My favorite season is upon us. I love Autumn. I love apples and pumpkins and leaves crunching under my feet and cooler air and sweaters and jackets and warm comfort food. To me Autumn is a time to curl up on the couch under a blanket on a grey day and read while enjoying a warm cup of apple cider. I started thinking about some of my favorite Fall comfort reads and I was having trouble coming up with books. I easily called to mind some authors whose books I must have read for the first time in the Fall or they just have such strong Fall themes that I can actually feel the chill in them.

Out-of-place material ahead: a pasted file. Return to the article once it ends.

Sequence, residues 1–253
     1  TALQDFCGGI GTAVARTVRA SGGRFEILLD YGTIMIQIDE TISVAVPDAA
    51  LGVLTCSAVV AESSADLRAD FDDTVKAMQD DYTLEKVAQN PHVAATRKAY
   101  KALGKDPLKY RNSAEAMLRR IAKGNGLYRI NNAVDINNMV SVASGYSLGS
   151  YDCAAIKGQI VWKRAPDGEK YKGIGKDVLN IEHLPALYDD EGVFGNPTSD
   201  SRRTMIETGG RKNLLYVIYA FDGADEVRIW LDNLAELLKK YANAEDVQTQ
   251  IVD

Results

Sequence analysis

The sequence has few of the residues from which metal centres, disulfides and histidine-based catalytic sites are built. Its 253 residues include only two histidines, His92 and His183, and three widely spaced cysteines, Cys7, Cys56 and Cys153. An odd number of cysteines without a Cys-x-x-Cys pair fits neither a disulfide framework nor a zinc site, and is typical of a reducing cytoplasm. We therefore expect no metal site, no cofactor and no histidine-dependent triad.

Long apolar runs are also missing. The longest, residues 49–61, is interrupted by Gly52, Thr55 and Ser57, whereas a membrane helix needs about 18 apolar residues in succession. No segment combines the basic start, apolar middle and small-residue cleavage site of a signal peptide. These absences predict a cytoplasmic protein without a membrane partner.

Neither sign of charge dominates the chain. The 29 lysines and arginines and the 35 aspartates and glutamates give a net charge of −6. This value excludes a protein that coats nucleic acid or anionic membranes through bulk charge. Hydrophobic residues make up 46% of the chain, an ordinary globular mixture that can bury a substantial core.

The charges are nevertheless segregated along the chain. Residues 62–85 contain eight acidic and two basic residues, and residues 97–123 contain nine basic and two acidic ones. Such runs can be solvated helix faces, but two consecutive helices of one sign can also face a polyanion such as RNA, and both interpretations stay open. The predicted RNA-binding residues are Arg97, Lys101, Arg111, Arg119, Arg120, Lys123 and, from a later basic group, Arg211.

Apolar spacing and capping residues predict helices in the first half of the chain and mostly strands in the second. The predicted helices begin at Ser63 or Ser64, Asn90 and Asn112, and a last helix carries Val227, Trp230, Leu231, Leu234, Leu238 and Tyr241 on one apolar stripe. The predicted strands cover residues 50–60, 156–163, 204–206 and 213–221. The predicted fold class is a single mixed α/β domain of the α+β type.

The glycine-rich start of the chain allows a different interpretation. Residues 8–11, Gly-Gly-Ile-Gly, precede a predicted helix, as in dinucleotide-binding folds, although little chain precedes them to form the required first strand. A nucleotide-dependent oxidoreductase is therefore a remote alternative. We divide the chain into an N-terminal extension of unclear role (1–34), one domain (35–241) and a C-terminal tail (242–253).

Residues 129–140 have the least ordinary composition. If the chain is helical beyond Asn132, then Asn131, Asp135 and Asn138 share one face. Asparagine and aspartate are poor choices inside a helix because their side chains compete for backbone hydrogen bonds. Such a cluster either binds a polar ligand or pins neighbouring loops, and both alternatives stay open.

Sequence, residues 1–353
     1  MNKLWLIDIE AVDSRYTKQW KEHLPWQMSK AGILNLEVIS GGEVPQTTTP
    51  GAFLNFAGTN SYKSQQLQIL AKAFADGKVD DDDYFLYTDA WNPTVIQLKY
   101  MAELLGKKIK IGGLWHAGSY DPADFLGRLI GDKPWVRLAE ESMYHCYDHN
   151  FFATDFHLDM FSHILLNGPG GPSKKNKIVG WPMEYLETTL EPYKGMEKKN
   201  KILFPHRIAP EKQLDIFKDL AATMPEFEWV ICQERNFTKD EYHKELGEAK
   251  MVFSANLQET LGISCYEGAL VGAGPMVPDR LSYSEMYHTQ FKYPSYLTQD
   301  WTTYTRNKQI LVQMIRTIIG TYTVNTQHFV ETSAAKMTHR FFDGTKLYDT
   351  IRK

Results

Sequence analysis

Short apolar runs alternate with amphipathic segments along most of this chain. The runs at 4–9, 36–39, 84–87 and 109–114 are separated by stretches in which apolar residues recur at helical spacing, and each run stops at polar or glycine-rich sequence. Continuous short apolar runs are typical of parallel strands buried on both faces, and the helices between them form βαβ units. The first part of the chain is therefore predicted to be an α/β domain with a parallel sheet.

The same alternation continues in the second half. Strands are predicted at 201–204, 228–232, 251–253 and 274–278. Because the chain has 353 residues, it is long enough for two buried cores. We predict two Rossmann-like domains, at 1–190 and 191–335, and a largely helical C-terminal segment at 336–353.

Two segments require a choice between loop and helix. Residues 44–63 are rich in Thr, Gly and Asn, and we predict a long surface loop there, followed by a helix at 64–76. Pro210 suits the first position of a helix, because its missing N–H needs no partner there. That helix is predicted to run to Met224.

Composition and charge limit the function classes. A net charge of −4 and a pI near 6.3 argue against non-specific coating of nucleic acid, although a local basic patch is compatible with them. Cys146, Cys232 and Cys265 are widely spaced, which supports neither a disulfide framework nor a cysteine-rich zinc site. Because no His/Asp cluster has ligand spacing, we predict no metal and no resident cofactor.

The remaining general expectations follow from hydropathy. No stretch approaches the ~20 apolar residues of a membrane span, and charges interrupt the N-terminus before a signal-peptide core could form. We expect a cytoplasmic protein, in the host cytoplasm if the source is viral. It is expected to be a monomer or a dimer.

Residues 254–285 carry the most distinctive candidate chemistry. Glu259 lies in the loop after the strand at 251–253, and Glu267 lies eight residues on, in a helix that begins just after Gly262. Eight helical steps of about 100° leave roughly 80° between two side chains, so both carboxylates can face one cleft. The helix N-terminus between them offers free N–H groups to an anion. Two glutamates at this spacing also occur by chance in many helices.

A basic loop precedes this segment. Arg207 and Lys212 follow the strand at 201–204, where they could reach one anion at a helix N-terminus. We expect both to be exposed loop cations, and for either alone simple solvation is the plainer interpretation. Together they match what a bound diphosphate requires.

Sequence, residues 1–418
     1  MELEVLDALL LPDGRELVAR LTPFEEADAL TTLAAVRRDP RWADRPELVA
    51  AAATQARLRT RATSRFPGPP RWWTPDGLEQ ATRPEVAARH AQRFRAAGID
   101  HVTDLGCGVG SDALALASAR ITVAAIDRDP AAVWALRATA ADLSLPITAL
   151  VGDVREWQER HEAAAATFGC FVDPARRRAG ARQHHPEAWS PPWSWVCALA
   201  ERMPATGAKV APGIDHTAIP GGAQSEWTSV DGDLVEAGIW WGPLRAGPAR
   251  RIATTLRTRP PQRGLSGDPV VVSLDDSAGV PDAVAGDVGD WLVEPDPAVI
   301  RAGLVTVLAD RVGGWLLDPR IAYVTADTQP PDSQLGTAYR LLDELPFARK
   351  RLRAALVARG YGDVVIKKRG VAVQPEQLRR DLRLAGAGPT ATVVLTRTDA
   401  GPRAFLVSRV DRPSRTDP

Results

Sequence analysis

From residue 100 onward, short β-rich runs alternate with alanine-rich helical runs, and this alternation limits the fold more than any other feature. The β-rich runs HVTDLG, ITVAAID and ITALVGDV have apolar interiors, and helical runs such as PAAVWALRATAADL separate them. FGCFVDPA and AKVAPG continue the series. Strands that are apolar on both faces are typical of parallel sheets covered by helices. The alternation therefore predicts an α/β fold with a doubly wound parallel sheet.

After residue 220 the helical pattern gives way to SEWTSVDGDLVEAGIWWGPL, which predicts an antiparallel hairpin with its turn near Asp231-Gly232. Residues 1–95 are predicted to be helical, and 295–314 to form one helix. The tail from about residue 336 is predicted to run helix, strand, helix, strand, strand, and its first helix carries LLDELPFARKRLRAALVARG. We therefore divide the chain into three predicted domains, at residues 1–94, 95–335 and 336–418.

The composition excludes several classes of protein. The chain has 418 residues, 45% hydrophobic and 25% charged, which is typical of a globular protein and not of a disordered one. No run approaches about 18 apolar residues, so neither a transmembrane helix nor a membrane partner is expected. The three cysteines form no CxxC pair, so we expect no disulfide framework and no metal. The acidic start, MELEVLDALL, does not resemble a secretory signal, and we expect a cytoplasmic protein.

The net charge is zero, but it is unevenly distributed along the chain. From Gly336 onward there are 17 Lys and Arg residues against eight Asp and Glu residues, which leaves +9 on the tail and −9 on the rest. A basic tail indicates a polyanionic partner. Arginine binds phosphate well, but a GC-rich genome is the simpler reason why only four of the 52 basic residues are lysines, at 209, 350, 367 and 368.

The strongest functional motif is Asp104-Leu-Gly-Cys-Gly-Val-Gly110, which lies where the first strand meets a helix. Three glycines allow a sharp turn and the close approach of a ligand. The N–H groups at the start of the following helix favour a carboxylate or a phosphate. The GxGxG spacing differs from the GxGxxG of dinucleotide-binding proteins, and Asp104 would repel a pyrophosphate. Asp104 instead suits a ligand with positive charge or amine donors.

My first Autumn Author is one of my all around favorite authors Alice Hoffman. Everything about Hoffman screams autumn. I started off my list with her book Practical Magic. Thinking about Practical Magic (which is definitely in my top ten books of all time) led me on a tangent about witchcraft and Halloween and I decided that next month I would write a post regarding my favorite Halloween-y books. Practical Magic isn’t very Halloween-y. It’s about family and traditions with magic sprinkled in. I rented the video when it first came out and I hated it. I didn’t watch it again until years later when there was a re-run on ABC Family. I got so into it and forgot why I ever hated it so. (Perhaps it was the fact that a 8 year old just can’t understand everything that occurs in the film). After that second viewing I rushed out to grab the novel. At that time I was very interested in reading all of Jodi Picoult’s books and I had been reading a lot of comparisons to Hoffman so I knew that this was perfect timing. I read the book in about 1 day and I adored it. It differs quite a bit from the movie, but they both have such an Autumn feel to them that I love them both independent of one another and I make a point to watch the movie and read the book (if I have time) each Autumn.